OldArchive / Sports
Rome Youth Claims Fourth Straight YHEC Senior Title
That's how old Devon Babcock was when his father, Blair, started teaching him to shoot a bow-and-arrow.
That early start at learning hunting skills has proven to be an advantage to Babcock, a 17-year-old incoming senior at Northeast Bradford High School.
Babcock recently won his fourth straight International Youth Hunter Education Challenge (YHEC) championship.
Babcock was first in the hunter responsibility exam, orienteering and second in archery to claim the Senior championship against some of the best young outdoorsmen from the United States and Mexico.
A soft-spoken young man, Babcock continues what has become a family dynasty in the National Rifle Association-sponsored competition.
His brother, Garth, who is five years Devon's senior, was a three-time Pennsylvania and two-time International YHEC champion.
"A big advantage I had was having my brother participate for five years and practicing with him," Babcock said.
His father, who was always an avid hunter, started Devon early.
"I started shooting bow when I was three," he said. "Dad would drag me around saying ?Old enough to walk, old enough to shoot a bow.'"
This year, Babcock competed for the Valley YHEC, located at John Marko's farm on Rt. 187 south of Rome where he lives.
He previously competed for the YHEC out of the Sayre Sportsman's Club.
Of the 30-plus members of the club, 12 of them competed in the international competition that was held at Mansfield University on July 26-31.
Included in the number were the Senior and Junior teams from Valley YHEC and two individuals who were able to compete because the event was in Mansfield instead of New Mexico, another frequently used site for the international competition.
The Valley YHEC Senior team finished second in the hunter responsibility exam. The other members of the Senior team, coached by Blair Babcock, were DeForest Burgess, Ethan Chandler, Jarrod Chandler and Alex Tiffany.
The Junior team of Tyler Bowen, Travis Forrest, Tom Moon, Ethan Moss and Justin Staats and coached by Mark Chandler was first in the archery competition.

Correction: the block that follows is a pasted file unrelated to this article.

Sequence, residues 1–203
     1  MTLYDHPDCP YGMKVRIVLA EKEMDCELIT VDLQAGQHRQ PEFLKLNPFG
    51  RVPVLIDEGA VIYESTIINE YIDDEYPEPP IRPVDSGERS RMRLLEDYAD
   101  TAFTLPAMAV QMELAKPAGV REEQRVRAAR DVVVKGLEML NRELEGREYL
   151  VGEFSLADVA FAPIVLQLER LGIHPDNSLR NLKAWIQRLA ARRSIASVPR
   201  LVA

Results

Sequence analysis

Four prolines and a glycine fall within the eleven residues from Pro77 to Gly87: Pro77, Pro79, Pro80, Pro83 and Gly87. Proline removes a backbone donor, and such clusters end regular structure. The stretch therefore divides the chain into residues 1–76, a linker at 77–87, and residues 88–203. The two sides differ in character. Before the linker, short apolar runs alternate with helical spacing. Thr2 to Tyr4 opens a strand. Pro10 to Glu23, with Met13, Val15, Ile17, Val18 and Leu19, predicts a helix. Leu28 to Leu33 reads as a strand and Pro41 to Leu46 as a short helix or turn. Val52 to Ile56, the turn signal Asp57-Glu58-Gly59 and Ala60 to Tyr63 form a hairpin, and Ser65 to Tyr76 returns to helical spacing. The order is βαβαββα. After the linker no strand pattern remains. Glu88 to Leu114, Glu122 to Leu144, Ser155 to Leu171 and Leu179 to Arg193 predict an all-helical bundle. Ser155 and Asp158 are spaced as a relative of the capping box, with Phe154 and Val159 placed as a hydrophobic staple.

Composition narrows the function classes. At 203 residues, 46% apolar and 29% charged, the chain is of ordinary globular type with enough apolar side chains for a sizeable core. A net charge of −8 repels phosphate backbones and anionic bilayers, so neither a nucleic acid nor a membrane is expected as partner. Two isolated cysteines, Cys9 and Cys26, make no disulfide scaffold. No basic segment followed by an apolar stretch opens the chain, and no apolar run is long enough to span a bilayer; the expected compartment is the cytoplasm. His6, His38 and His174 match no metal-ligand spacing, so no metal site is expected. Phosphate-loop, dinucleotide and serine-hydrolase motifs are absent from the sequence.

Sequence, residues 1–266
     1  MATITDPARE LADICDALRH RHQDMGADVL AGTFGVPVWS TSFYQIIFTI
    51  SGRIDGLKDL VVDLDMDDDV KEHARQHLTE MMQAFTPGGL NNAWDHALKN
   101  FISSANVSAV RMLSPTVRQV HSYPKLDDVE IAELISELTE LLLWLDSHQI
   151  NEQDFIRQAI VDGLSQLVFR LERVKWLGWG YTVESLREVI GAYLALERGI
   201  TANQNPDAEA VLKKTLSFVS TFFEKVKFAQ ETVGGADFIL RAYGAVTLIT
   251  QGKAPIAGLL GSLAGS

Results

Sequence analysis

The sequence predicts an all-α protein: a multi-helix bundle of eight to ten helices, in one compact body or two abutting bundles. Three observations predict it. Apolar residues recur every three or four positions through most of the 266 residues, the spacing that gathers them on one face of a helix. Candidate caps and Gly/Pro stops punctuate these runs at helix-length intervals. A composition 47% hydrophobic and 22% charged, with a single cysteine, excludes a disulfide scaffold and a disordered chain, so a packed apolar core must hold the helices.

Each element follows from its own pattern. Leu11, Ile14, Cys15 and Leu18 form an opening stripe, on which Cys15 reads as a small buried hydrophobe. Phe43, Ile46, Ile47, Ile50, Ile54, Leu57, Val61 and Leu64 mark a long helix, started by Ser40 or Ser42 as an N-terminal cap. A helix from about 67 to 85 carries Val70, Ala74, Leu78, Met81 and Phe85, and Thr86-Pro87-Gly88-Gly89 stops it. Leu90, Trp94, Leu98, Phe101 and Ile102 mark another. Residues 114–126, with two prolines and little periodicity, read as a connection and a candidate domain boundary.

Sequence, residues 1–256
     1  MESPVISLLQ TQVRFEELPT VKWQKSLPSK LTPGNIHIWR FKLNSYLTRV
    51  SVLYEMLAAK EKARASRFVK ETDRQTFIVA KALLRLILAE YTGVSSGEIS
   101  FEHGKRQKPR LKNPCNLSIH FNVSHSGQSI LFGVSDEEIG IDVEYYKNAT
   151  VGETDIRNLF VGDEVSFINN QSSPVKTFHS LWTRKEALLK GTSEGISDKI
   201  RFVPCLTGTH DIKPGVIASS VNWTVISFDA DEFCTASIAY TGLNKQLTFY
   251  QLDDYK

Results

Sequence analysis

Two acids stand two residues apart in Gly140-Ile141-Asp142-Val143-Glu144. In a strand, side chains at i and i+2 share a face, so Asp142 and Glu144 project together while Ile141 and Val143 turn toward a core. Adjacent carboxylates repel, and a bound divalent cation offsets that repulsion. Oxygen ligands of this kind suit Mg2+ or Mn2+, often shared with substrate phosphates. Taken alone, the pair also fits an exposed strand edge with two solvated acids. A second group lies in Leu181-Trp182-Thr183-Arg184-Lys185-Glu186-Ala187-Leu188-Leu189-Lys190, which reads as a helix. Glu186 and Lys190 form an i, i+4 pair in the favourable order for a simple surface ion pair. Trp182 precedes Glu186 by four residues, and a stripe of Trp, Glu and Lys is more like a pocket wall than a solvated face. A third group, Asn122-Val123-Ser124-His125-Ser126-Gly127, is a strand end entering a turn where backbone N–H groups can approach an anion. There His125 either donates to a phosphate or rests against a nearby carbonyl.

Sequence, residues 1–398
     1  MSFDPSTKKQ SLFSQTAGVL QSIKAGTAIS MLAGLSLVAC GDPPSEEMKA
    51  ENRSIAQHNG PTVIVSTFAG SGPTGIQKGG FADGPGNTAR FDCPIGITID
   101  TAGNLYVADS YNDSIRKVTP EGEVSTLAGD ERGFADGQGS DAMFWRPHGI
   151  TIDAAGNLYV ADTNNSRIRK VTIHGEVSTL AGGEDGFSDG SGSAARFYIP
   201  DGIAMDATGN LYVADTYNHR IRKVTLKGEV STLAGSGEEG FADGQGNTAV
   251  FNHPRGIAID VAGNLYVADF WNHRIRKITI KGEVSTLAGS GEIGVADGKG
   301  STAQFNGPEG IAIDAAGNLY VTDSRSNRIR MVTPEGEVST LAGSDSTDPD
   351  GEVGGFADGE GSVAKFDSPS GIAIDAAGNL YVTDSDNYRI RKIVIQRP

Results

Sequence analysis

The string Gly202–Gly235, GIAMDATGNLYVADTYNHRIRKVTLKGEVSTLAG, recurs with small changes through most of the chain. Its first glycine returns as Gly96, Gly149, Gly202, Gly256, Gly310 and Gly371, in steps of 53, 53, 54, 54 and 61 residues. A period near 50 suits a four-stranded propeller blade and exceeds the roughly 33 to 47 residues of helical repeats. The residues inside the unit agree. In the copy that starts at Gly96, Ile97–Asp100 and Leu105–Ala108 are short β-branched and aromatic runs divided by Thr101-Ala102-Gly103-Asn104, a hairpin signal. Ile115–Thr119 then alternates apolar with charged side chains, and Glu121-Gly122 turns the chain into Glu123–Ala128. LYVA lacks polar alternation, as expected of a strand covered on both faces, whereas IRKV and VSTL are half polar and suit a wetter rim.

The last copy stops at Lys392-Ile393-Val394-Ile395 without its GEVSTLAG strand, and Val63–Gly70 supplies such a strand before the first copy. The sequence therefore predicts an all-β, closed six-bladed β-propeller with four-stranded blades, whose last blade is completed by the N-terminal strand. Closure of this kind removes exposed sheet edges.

Moon was third in shotgun and Moss was third in archery. Conor Murphy, who went as an individual, as did Eric Cook, was second in the hunter responsibility exam.
Competitors are tested in eight events including wildlife identification, hunter responsibility, orienteering, hunter safety trail, shotgun, rifle, muzzleloader and archery.
Rain forced the cancellation of the hunter safety trail this year and the location of two events were moved to a different location because of the weather.
It may sound easy. You do a little studying and then have fun shooting, but Babcock will tell you that a competitor needs to put in a fair amount of time preparing for the competition.
"They give us a 300-page book. Last year, I went through it, read it word for word and highlighted it.
"Since we were going to New Mexico, I studied it all the way there.
"This year, I didn't have to study as much," he added.
He estimated that he spent maybe 15-20 hours studying this year. He did take advantage of breaks during the competition to bone up on his studies.
"When we got there, when everyone else was messing around, goofing off, I'd be studying my book."
It paid off as he won the hunter responsibility exam with a score of 285 out of a possible 300.
"I can have a bad day shooting," he said, "but if I know the stuff in the book, you can't have a bad day in that."
It should come as no surprise that his favorite competition is archery.
He really doesn't care for the wildlife identification exam.
"I'm terrible at it," he explained. "They don't just put a full mount there and ask you what it is. They put a feather, a tooth or a clump of fur.
"The winner had 210 out of 300. When the winner is getting basically a failing grade, it's pretty hard."
He must be doing something right with his record of success.
He started competing in 1999 as an 11-year-old.
In the ensuing years, he was a four-time state Junior champion, a second-place finisher in the Senior competition in 2003 and a state champion this year.
In International competition, he was third and second in Junior competition in 1999 and 2000, respectively. He has won the last four overall championships.
Besides winning medals and a plaque, Babcock also won a Winchester X150 muzzleloader, a Hoyt Ultra Sport bow, Easton arrows, a Schrade knife and a trophy whitetail hunt at Gsell's Whitetail Refuge in Fayetteville, PA.
Last December, Babcock bagged an 11-point buck during his hunt at Gsell's.
Besides his family, including his mother, Joan, who benefits from a full freezer of game killed by the men in the house, Devon receives a great deal of help from a number of individuals.
Tim and Stacy Hart of Lake View Archery in Spring Lake have made him a staff shooter and helped with his archery equipment. Ed Carrington is his gunsmith. He also singled out Charlie Davis, commander of the Towanda American Legion, who is "a lot of help," according to Babcock.
Other people and groups who have aided Devon through the years are Duane Hafer, Patti's Gunsmithing Services and the late Joe Leonard.
An expert afield, Devon's also no slouch in the classroom.
He has awards from the United States Achievement Academy, American Character and Citizenship, National Leadership and Service, All-American Scholar, National Spanish Award and an International Foreign Language Award.
He has been named to "Who's Who Among American High School Students" and is a member of the Spanish Honor Society. He also received the Bausch and Lomb Honorary Science Award.
At Northeast Bradford, he is vice-president of the National Honor Society.
He plans on going to college, probably to study engineering, but he hasn't decided where.
"I don't want to go to a big city," he said. "I'd like to go somewhere that has an archery or shooting team."